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Shar Habibi is research and policy director of In the Public Interest. This column was produced by Progressive Perspectives, which is run by The Progressive magazine and distributed by Tribune News Service.
You wouldn’t know it from watching the news, but American children are doing better than they were at the beginning of the COVID-19 pandemic, at least when it comes to having their basic needs met.
That’s according to newly released data from the U.S. Census Bureau. Even as the country suffered through a pandemic, global supply chain disruptions and rising inflation, child poverty rates declined to the lowest on record. As the Institute on Taxation and Economic Policy concluded, much of this can be attributed to last year’s expansion of the Child Tax Credit.
The child tax credit expansion ended at the beginning of this year. Now some elected leaders are proposing to reinstate the expanded tax credit and, unfortunately, fund it by cutting important tax benefits for low- and moderate-income families rather than making corporations and the wealthy pay their fair share in taxes.
Regardless of what decision Congress makes, the success of the expansion highlights something else you wouldn’t know from watching the news: The federal government has demonstrably improved the lives of the vast majority of Americans over the last year and a half.
Whether it’s $350 billion in budget relief for state and local governments or $1.2 trillion to fix the country’s crumbling infrastructure, Washington has repeatedly stepped up to the plate and delivered. The recently passed Inflation Reduction Act, for example, caps prescription drug prices for seniors and offers savings on energy bills, among other policies that will likely lower the rising cost of living.
What all that investment looks like across the country depends on the priorities of the state or local government.
Minnesota is addressing learning disruptions experienced by students during the pandemic. The past two summers, the state’s children have had more opportunities for field trips, preschool programming, mental health services and tutoring. In Ohio, Cleveland’s school district used American Rescue Plan funds to increase summer learning participation sevenfold.
Arkansas just committed $280 million in American Rescue Plan funds for infrastructure projects that will upgrade the state’s outdated and failing water systems. These types of investments are especially important, given ongoing water crises in places like Jackson, Mississippi.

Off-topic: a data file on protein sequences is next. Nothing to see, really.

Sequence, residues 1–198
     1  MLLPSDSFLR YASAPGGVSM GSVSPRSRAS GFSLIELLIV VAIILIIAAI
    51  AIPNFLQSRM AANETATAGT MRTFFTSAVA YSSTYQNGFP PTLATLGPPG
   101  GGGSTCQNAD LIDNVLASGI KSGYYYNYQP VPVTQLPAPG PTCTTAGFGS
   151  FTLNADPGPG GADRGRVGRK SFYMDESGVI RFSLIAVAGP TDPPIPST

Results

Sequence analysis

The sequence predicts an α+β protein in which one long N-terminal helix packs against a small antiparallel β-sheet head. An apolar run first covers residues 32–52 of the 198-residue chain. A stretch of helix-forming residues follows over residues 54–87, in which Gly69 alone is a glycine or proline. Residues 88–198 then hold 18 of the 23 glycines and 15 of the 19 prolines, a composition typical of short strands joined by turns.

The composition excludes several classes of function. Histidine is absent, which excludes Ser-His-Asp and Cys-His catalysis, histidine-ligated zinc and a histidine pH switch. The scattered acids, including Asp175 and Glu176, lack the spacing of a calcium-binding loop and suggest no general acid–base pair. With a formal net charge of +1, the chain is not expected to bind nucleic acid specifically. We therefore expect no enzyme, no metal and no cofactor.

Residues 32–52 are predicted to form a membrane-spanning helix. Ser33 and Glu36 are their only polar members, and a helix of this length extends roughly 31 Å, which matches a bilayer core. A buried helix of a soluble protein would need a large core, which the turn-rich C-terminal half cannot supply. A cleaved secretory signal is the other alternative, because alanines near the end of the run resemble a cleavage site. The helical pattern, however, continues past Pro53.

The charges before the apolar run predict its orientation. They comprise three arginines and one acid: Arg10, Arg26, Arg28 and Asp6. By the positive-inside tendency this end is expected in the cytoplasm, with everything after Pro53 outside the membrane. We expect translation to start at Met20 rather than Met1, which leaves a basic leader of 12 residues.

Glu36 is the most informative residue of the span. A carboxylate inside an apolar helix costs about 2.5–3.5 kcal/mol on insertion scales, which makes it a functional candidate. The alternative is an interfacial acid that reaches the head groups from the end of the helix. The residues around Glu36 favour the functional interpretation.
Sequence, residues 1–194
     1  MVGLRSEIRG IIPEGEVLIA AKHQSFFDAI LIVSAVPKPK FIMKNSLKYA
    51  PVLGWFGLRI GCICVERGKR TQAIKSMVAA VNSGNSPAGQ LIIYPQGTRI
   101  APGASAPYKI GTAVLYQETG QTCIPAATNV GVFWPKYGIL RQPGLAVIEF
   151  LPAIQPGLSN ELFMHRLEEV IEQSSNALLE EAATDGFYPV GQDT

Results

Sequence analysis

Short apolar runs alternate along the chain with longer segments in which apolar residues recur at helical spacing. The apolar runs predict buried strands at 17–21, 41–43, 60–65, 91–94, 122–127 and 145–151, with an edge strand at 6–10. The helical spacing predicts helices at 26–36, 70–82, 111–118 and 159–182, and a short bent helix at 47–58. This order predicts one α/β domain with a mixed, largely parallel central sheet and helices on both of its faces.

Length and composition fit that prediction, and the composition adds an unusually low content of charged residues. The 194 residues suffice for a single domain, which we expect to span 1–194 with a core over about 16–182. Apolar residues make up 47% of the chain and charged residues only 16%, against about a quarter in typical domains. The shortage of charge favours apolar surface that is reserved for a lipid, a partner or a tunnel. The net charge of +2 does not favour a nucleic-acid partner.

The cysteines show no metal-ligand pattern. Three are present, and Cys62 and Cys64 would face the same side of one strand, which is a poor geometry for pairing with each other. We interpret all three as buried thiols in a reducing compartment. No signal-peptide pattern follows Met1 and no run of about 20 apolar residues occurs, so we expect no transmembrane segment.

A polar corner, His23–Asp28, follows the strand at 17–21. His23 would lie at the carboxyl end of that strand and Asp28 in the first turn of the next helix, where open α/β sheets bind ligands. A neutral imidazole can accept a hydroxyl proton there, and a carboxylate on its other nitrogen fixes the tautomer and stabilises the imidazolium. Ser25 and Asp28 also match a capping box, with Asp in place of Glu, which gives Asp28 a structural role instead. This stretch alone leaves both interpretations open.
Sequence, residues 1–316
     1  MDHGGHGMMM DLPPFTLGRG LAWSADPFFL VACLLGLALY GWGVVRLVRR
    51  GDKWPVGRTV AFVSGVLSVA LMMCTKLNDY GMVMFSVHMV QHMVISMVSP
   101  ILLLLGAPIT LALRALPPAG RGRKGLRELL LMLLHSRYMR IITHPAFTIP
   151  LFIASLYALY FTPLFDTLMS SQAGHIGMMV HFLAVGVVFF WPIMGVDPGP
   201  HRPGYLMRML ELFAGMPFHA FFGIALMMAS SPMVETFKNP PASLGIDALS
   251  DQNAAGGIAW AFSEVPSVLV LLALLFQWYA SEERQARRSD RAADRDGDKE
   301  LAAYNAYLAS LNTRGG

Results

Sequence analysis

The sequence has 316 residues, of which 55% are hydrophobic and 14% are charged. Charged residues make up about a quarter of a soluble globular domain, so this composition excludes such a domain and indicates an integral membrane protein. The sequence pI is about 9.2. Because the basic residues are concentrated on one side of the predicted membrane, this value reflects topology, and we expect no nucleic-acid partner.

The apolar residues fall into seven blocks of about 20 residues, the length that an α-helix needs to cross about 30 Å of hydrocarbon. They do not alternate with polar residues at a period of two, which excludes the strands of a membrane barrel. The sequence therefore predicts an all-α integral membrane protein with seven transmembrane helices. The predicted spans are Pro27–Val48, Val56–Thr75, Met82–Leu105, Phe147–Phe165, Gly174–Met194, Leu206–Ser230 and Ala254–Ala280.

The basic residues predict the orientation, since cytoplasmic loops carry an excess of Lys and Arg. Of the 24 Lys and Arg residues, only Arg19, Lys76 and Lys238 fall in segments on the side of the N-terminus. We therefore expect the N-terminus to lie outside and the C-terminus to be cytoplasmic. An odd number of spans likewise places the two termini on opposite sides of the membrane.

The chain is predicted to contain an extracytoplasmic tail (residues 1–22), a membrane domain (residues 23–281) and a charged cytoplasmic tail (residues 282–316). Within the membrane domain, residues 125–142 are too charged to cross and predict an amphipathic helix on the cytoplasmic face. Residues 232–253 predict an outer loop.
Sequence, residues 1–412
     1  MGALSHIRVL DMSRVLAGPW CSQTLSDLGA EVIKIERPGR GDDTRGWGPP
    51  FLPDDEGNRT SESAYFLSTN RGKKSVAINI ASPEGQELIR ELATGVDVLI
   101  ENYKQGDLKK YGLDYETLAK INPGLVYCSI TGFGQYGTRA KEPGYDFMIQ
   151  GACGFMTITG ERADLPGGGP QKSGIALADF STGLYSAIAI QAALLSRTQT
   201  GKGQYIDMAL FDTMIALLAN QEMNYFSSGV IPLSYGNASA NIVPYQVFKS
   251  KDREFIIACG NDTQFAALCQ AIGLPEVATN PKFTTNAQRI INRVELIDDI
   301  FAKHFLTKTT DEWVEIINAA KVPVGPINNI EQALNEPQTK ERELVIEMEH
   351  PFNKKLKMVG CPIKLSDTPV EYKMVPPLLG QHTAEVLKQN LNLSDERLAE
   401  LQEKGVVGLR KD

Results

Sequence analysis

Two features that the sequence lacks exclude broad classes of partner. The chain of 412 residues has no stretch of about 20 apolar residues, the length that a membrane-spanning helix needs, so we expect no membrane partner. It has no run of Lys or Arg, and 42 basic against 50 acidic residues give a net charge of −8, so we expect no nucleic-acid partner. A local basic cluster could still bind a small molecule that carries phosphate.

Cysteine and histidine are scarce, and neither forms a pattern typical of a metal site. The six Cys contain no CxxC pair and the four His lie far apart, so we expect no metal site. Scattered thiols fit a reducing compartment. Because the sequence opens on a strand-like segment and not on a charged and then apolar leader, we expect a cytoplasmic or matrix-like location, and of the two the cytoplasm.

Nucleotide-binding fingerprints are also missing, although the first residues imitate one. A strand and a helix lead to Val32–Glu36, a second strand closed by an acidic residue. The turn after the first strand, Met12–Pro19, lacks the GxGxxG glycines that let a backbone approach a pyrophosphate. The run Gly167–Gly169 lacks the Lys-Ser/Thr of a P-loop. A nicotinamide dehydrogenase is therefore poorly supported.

Wisconsin used federal money to strengthen its Worker Advancement Initiative, offering subsidized employment and skills training opportunities with local employers to unemployed workers. Federal support for similar programs nationwide surely has something to do with the economy’s historically low unemployment rate.
To be sure, some states and localities have spent relief funds in ways that do not actually improve the lives of average Americans. At least 21 states used the money to replenish unemployment insurance funding, which — as the Economic Policy Institute notes — has little impact on economic growth and effectively amounts to a tax cut for corporations. Some local governments are even using funding to build and expand jails and prisons, rather than invest in education, affordable housing, job programs or other programs that address the root causes of crime.
No public program — like no corporate initiative — is perfect, but there are plenty of things happening nationwide that will benefit Americans.
When it comes to infrastructure, more than 5,000 projects backed with new federal money are already underway. Residents in states including California and Texas are accessing high-speed broadband internet access for the first time. State transportation officials are improving and expanding roadways, such as Pennsylvania’s project to connect an unfinished rural highway with Maryland. The U.S. Forest Service is planting trees in areas burned by forest fires in the largest reforestation drive in the U.S. since the 1930s.
All of this counters a common attitude that the government is incompetent and that government programs make us less free. Certainly, things like corruption and over-policing can happen when public institutions are captured by the powerful few. But the last few years have shown what is possible when we make government work for us.
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